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Senator Jeanne Shaheen (D) of New Hampshire.Alex Wong / Getty Images

WASHINGTON, D.C., December 20, 2019 (C-Fam) — When U.S. Congressional leaders agreed to a spending bill package to fund the government and avert a government shutdown over Christmas, they scuttled proposals from Senator Jeanne Shaheen (D-NH) that would have undermined U.S. pro-life foreign policy.

As the Senate considered the twelve annual spending bills, Republican leadership had to pull the State and Foreign Operations bill from consideration over pro-life concerns due to an amendment offered by Senator Shaheen. Having passed out of the appropriations subcommittee in late October the Shaheen amendment drew fire from pro-life organizations, conservative Republicans and ultimately the White House.

“Because of the strong steps taken by the Trump Administration to protect life, religious freedom, and family values, funding bills for this fiscal year were subject to numerous attempts to block these productive Administrative measures and roll back long-standing prolife protections, despite the budget agreement prohibiting such actions,” pro-life Senator James Lankford told the Friday Fax by email.

Shaheen's amendment would have increased funding to domestic groups that promote abortion abroad, as a way to circumvent President Trump's expanded Mexico City Policy, now known as Protecting Life in Global Health Assistance.

The thwarted amendment would also have elevated into law an Obama-era regulation prohibiting discrimination on the basis of sexual orientation and gender identity and pregnancy status. That provision would have made it difficult for pro-life and pro-family groups to partner with the U.S. Agency for International Development.

“I am pleased the funding package protects existing prolife riders,” Senator Lankford told the Friday Fax, “and did not carry any new riders that would have increased funding for domestic organizations that promote and perform abortions overseas or burdened the participation of faith-based organizations.” Lankford, a member of the appropriations committee, said that “while we were successful in maintaining the status quo this year, we need to continue to prepare for the days ahead, where these attacks will only multiply.”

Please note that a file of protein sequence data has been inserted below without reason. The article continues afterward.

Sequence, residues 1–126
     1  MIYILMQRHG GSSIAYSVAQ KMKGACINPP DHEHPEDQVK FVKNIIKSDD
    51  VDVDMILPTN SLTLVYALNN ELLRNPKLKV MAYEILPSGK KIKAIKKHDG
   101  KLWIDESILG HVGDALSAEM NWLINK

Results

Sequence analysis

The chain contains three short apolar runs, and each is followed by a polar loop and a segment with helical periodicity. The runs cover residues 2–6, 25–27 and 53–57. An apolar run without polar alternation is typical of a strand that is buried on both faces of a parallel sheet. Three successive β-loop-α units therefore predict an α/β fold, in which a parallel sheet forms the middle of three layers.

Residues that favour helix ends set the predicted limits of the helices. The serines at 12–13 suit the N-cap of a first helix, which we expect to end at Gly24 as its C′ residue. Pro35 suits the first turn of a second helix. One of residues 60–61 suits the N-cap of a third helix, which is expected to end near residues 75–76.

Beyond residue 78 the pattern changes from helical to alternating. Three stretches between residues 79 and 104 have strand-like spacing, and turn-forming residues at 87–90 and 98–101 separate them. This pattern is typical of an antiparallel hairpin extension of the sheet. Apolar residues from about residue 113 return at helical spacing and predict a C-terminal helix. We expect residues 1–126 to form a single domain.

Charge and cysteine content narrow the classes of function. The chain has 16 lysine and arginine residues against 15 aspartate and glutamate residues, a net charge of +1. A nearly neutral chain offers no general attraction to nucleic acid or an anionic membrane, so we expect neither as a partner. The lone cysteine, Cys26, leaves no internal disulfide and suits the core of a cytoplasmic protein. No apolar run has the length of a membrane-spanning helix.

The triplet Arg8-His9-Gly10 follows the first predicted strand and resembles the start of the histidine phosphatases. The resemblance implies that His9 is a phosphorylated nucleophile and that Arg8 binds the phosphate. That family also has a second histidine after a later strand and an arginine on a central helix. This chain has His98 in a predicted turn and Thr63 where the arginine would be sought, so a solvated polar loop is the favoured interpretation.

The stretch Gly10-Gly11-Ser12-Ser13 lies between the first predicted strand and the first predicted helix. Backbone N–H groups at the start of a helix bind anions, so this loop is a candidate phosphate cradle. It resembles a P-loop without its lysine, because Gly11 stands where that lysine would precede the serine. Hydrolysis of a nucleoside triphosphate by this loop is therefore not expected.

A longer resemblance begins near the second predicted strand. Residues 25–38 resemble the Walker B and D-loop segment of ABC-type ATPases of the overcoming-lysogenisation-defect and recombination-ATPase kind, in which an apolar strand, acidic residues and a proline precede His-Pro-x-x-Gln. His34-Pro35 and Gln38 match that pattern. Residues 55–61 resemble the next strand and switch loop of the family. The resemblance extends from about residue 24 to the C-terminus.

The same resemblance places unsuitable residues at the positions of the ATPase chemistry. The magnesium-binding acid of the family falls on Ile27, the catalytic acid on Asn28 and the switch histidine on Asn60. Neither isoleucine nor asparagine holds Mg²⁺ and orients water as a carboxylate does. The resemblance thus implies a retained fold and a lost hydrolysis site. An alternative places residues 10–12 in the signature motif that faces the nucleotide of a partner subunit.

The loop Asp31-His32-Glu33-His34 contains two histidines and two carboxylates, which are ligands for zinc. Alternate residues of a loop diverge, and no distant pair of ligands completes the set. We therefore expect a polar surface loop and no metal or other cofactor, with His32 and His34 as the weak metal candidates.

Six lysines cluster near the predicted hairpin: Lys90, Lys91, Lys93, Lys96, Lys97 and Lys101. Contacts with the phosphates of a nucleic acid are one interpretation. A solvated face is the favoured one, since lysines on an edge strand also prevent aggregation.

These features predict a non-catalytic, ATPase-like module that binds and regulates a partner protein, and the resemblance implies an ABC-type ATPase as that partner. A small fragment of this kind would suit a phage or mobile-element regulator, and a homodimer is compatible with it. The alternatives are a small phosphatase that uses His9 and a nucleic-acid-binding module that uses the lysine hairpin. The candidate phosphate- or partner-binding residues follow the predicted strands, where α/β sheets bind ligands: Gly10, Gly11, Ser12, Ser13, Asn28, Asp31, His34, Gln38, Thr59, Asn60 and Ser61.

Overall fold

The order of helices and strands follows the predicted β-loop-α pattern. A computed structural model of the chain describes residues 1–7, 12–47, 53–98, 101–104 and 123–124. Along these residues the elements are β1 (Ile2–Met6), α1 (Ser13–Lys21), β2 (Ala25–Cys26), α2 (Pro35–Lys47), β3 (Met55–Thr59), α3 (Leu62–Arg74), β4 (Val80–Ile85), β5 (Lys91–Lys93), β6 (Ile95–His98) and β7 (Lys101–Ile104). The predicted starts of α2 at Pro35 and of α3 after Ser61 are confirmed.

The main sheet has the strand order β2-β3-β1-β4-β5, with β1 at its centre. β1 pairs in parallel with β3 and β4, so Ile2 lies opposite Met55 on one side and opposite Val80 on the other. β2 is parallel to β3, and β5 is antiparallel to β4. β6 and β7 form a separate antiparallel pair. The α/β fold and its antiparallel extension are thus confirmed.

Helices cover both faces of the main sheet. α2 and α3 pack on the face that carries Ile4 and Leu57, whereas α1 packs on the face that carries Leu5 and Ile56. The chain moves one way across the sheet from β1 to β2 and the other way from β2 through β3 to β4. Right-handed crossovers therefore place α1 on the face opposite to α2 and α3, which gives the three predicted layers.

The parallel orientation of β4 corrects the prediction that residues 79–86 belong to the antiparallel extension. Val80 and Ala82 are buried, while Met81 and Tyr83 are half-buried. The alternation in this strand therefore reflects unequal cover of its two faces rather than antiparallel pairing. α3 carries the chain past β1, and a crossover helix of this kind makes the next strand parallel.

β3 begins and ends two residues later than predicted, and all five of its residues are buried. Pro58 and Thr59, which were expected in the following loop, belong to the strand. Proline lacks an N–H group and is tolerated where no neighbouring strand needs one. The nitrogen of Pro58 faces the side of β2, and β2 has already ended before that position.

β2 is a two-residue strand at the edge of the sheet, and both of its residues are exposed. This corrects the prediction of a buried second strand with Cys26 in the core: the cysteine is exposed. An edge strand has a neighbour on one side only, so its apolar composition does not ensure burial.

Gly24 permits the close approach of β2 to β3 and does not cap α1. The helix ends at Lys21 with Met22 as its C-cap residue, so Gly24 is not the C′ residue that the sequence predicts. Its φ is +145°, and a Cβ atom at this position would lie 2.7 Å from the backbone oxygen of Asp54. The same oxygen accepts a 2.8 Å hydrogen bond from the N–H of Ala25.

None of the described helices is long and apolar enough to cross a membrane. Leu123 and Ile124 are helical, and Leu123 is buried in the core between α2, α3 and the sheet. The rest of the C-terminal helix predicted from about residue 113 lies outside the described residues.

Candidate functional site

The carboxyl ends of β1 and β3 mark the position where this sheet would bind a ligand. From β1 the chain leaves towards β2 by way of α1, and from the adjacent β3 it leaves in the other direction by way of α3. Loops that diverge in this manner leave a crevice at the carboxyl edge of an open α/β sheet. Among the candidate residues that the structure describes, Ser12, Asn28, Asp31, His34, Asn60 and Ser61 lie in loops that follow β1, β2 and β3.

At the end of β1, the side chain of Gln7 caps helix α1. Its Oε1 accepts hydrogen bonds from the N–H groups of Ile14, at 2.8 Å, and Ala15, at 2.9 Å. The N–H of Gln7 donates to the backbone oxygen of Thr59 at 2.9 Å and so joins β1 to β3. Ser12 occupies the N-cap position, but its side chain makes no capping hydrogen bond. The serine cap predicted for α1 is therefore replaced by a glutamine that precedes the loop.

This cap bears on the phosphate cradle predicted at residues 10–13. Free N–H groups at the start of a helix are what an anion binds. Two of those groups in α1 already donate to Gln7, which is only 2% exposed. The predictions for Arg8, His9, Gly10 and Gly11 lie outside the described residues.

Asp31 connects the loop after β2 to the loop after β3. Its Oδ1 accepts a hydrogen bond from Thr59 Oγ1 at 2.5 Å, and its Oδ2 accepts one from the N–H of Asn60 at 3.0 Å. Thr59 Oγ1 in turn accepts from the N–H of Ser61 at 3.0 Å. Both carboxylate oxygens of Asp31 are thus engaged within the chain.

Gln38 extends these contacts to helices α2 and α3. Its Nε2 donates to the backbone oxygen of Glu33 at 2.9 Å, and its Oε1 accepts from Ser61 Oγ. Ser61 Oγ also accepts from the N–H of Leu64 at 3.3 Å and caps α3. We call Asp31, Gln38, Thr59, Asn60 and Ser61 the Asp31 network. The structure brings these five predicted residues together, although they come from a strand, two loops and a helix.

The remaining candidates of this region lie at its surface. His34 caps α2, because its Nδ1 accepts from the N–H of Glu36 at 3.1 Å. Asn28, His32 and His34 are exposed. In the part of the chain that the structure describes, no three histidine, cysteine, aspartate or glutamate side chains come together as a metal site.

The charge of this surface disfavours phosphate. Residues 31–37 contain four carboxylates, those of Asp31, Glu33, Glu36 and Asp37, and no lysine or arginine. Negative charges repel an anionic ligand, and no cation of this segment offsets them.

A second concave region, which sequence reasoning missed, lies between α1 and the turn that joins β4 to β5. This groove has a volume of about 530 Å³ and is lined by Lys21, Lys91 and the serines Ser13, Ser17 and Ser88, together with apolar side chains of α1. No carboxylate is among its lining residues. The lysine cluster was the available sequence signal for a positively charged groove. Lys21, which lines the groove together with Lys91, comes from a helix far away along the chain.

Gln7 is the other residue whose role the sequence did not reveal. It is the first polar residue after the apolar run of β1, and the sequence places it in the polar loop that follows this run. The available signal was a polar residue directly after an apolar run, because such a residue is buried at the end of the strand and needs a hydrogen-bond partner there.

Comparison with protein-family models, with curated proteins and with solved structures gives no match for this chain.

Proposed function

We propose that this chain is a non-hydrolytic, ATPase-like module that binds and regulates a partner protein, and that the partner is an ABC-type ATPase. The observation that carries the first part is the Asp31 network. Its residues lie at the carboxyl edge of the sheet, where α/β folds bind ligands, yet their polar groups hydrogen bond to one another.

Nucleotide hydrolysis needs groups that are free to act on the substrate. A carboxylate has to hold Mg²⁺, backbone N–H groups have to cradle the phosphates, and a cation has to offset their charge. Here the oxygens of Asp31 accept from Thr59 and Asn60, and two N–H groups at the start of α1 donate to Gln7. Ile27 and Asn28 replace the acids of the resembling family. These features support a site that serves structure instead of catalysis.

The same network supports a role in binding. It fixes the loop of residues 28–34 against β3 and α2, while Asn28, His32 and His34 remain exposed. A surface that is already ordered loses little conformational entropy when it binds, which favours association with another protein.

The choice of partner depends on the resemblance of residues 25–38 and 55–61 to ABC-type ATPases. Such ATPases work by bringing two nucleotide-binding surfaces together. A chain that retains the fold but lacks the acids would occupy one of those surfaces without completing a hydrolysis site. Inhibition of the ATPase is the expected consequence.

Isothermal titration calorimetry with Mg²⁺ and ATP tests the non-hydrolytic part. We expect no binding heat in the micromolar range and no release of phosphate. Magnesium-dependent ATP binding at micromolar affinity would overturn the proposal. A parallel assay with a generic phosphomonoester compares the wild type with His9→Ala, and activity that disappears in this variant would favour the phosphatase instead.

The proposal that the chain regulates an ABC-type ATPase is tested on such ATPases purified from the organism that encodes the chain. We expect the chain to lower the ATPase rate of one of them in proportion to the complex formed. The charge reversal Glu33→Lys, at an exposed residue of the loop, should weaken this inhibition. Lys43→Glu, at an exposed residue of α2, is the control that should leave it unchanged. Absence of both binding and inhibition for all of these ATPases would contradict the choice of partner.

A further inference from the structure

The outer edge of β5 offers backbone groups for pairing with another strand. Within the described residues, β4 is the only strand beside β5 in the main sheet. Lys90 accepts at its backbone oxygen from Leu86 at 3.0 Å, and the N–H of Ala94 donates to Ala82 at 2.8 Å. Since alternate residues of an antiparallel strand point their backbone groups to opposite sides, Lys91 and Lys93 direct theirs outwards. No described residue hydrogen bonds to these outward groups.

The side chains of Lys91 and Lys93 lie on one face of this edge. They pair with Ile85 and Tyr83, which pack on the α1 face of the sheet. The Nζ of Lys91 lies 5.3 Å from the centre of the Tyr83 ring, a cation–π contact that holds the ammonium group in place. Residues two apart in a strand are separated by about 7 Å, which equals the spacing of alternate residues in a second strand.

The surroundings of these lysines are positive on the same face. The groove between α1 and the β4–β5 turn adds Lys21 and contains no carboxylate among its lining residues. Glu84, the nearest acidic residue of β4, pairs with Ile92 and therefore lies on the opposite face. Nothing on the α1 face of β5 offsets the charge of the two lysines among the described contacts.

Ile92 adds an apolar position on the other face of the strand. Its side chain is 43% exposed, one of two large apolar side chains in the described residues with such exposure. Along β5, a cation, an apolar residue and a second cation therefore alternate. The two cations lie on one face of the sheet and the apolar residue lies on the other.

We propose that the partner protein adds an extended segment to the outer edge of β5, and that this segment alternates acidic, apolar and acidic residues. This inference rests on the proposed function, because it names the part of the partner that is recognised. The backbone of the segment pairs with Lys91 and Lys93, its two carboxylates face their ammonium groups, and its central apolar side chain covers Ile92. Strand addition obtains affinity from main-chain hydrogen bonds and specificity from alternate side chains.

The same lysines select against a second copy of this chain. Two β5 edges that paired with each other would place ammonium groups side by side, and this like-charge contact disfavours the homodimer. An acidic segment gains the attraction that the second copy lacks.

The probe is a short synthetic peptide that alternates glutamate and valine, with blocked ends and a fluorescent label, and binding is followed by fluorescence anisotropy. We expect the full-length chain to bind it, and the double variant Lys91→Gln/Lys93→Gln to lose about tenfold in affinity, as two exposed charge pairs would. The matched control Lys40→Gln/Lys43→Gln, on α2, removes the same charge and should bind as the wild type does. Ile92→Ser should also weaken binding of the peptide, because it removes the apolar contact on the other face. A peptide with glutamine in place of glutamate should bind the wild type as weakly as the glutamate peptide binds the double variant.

The Democrat-controlled House of Representatives passed a version of the foreign operations spending bill that also attacked current pro-life provisions. That bill called for permanent repeal of the Mexico City Policy by amending the Foreign Assistance Act. It undermined pro-life riders by making it more difficult for the Trump Administration to withhold funding to multilateral organizations found in violation of U.S. law that prohibits the promotion of abortion. However, the spending package that passed in the House and Senate this week maintains all longstanding pro-life riders and safeguards President Trump's pro-life foreign policy.

Senator Shaheen denied that her amendment was a “poison pill,” a breach of a collegial agreement among lawmakers made in August over the Budget Bill not to insert divisive issues. She took to the Senate floor and to Twitter to say that pro-life concerns about her amendments were based on misinformation.

“The misinformation that is being spread about the bipartisan international family planning language is dangerous and misleading and there is too much at stake to not set the record straight,” Shaheen tweeted. “These programs ensure that women around the world have access to reproductive care.”

The Senate pro-life caucus disagreed, outlining in a letter to President Trump all items that would constitute a partisan amendment after the Budget Bill Agreement was made. Looming large in the background, and likely impacting a decision by party leadership to find agreement, was President Trump's pledge earlier this year to veto any bill that would undermine his pro-life policies.

Senator Shaheen, widely considered an abortion rights champion, received a 100% rating from abortion political action committees Planned Parenthood Acton Fund and NARAL, formerly National Abortion Rights Action League.

Published with permission from C-Fam.